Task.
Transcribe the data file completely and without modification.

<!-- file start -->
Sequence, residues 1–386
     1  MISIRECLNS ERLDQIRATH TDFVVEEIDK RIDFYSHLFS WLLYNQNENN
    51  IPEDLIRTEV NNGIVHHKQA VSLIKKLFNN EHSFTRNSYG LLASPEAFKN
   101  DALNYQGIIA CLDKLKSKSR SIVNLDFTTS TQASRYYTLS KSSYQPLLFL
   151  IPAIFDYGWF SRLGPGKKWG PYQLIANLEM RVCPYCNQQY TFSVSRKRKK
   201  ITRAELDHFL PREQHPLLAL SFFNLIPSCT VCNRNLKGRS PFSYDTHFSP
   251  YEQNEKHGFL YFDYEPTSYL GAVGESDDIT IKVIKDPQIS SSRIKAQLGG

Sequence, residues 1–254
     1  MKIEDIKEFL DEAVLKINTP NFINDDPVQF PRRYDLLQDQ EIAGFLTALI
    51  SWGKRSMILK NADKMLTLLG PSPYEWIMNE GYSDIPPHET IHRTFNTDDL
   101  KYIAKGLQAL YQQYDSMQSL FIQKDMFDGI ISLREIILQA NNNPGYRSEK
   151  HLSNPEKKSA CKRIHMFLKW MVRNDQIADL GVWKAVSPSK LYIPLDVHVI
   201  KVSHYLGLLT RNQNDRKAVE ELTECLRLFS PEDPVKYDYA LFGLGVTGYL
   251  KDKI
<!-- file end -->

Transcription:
Sequence, residues 1–386
     1  MISIRECLNS ERLDQIRATH TDFVVEEIDK RIDFYSHLFS WLLYNQNENN
    51  IPEDLIRTEV NNGIVHHKQA VSLIKKLFNN EHSFTRNSYG LLASPEAFKN
   101  DALNYQGIIA CLDKLKSKSR SIVNLDFTTS TQASRYYTLS KSSYQPLLFL
   151  IPAIFDYGWF SRLGPGKKWG PYQLIANLEM RVCPYCNQQY TFSVSRKRKK
   201  ITRAELDHFL PREQHPLLAL SFFNLIPSCT VCNRNLKGRS PFSYDTHFSP
   251  YEQNEKHGFL YFDYEPTSYL GAVGESDDIT IKVIKDPQIS SSRIKAQLGG

Sequence, residues 1–254
     1  MKIEDIKEFL DEAVLKINTP NFINDDPVQF PRRYDLLQDQ EIAGFLTALI
    51  SWGKRSMILK NADKMLTLLG PSPYEWIMNE GYSDIPPHET IHRTFNTDDL
   101  KYIAKGLQAL YQQYDSMQSL FIQKDMFDGI ISLREIILQA NNNPGYRSEK
   151  HLSNPEKKSA CKRIHMFLKW MVRNDQIADL GVWKAVSPSK LYIPLDVHVI
   201  KVSHYLGLLT RNQNDRKAVE ELTECLRLFS PEDPVKYDYA LFGLGVTGYL
   251  KDKI